The Rising Crisis: Why More Homeowners Are Opting Out of Insurance


Quick Hits:

  1. Rising Costs: Home insurance premiums have significantly increased due to climate change and escalating housing prices, making it difficult for many homeowners to afford coverage.
  2. Insurance Withdrawal: Major insurers are pulling out of disaster-prone areas, leaving homeowners with limited and expensive insurance options.
  3. Growing Risk: The number of uninsured homeowners is rising, particularly among those who have paid off their mortgages, posing significant financial risks in case of catastrophic events.

My name is Samuel Lopez, and I am a reporter for USA Herald with over 20 years of experience in the legal and insurance industry. As a legal analyst, I aim to provide a thorough understanding of the growing crisis in home insurance. What was once a ‘must-have’ is now becoming an unaffordable luxury for many homeowners.

[USA HERALD] – Claire Barron found out that State Farm was dropping her policy from reading the news. After seeing a story about the insurer pulling out of Santa Cruz County, her longtime home, she called her agent to confirm that her plan would lapse—setting off a desperate search for a replacement policy that is ongoing.

Barron’s story is becoming increasingly common. Her first quote for a new policy was over $10,000 a year for bare-bones coverage. Other quotes ranged from $17,000 to $25,000, well beyond her budget. Living near Soquel, close to Monterey Bay, she faces the dual threat of picturesque beauty and looming wildfire risks, making home insurance essential yet unaffordable.

According to State Farm, cancellations like Barron’s account for only 2 percent of their policies in California. However, this small percentage represents thousands of homeowners left scrambling for coverage. Nationally, the number of uninsured homeowners is on the rise. A 2023 estimate from the Insurance Information Institute revealed that 12 percent of homeowners had no insurance in 2022, up from just 5 percent in 2019.

Experts attribute this trend to the escalating threat of climate change, which has led to larger insurance payouts and skyrocketing housing prices. These factors have pushed policy costs up significantly. In 2023, the average home insurance policy rose by 11.3 percent, according to S&P Global.

Additionally, some insurers are pulling out of high-risk areas. Companies like State Farm have announced they will not renew policies in wildfire-prone counties such as Santa Cruz. In other states, including Iowa, insurance providers are also withdrawing due to increased natural disaster risks. Reinsurance companies, which insure the insurers, are raising their prices, further driving up costs.

“It’s impractical for any homeowner to think they can pay for catastrophic losses out of pocket. The increasing trend of homeowners going without insurance due to high costs and policy cancellations poses a significant risk.”

Homeowners who opt to forgo insurance face serious legal and financial consequences. Mortgage lenders require insurance, and failure to maintain a policy can be considered a form of default, potentially leading to foreclosure. More commonly, banks will select a plan for the homeowner and impose the costs, but these policies often lack coverage for natural disasters.

The legal landscape in states like California further complicates matters. Insurers must use historical data rather than predictive models to price their policies, which can lead to inaccurate risk assessments. In March, California’s insurance commissioner approved a 20 percent rate increase requested by State Farm, highlighting the tension between regulatory frameworks and market realities.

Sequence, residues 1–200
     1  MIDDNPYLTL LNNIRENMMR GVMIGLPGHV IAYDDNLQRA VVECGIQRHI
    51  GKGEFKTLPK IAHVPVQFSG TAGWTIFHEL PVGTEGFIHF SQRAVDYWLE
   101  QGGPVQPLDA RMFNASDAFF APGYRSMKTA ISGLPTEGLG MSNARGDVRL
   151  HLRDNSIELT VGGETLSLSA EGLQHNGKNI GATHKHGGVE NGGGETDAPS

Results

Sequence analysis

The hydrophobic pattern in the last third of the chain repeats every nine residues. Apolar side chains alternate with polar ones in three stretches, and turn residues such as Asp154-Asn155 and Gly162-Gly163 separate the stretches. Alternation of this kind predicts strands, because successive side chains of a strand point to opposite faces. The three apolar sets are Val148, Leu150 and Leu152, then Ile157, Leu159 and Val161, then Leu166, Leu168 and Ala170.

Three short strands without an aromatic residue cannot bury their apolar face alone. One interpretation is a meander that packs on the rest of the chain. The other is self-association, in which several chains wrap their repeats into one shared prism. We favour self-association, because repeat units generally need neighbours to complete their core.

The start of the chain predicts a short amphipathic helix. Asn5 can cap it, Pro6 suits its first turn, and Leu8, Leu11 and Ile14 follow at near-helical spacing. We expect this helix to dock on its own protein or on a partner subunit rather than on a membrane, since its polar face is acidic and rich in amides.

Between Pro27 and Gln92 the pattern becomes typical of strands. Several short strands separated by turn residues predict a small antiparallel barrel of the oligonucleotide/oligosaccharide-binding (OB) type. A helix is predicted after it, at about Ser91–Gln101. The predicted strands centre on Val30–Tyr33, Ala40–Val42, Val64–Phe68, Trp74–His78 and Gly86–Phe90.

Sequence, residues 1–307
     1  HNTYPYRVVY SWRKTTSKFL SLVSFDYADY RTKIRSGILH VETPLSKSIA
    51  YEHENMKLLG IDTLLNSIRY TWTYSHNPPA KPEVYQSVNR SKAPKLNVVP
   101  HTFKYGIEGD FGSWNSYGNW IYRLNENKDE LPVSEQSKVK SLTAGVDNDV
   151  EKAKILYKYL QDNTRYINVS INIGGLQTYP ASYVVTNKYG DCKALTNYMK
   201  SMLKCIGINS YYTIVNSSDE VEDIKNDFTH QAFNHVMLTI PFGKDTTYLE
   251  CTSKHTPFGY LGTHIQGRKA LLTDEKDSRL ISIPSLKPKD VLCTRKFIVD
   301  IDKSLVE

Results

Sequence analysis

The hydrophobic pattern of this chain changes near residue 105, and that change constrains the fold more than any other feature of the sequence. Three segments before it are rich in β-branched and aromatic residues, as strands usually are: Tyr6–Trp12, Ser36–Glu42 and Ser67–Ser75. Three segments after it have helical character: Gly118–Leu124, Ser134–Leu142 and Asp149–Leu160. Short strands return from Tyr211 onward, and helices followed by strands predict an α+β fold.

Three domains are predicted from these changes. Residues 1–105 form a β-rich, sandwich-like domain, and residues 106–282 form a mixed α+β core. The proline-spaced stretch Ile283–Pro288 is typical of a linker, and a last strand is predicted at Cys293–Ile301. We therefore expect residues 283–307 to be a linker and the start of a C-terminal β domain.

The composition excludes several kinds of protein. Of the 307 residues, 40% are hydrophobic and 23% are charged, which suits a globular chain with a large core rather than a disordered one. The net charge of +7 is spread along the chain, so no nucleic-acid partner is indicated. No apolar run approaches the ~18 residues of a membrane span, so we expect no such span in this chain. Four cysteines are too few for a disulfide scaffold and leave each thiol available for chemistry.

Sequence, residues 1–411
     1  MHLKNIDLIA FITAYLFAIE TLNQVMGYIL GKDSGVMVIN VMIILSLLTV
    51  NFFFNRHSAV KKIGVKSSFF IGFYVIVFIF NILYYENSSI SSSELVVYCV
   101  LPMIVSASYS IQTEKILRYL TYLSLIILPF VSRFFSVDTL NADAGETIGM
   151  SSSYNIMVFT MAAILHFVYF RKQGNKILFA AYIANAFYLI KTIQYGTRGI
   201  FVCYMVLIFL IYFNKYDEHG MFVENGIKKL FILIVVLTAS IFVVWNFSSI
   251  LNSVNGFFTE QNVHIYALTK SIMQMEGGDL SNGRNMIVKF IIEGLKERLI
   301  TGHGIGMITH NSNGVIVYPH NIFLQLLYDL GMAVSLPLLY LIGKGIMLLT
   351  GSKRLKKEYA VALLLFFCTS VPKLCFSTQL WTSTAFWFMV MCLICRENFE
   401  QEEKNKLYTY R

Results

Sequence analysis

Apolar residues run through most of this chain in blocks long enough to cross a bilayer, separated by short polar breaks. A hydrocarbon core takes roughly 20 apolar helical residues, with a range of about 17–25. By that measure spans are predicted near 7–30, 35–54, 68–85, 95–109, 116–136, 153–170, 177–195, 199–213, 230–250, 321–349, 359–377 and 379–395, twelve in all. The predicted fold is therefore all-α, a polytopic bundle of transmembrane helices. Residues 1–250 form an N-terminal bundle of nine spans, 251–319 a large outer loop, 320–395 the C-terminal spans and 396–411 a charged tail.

Case Studies: The Human Impact

Claire Barron:

Barron’s situation reflects the broader issue. Despite making efforts to reduce risks, such as improving fire safety around her home, she found it impossible to secure affordable insurance. “None of us can afford to lose our insurance. And we thought if we do these things, we won’t lose our insurance,” she said.

Mary Murphy:

Mary Murphy, who moved to California’s Butte Valley after the 2018 Camp Fire destroyed her home in Paradise, faced similar struggles. To rebuild, she needed a loan, which required insurance. Her cheapest option was $8,000 a year for a California Fair plan. Priced out, she chose a $1,300-a-year plan that doesn’t cover natural disasters, hoping the Camp Fire was a once-in-a-lifetime event. “I figured if I lost everything again, that’s God’s plan,” she said.

The rising cost of home insurance and the withdrawal of major insurers from high-risk areas are forcing many homeowners to reconsider their coverage options. This trend is particularly concerning for those in disaster-prone regions. The increasing number of uninsured homeowners highlights the urgent need for regulatory and industry changes to ensure that insurance remains accessible and affordable.

For more detailed updates on this crisis and other legal news, follow my articles on USA Herald. Stay informed and engaged with the latest developments in the insurance world.

For a detailed look at my professional background and other articles, visit my bio here.

Related stories:

California’s Home Insurance Crisis: A Ticking Time Bomb
Insurance in Focus: The Impact of Surveillance In the Insurance Sector and the Ring-FTC Incident

Ethical Reporting:

Accuracy and impartiality are paramount. This report is based on verified information and provides a balanced view of the implications of the rising trend of uninsured homeowners.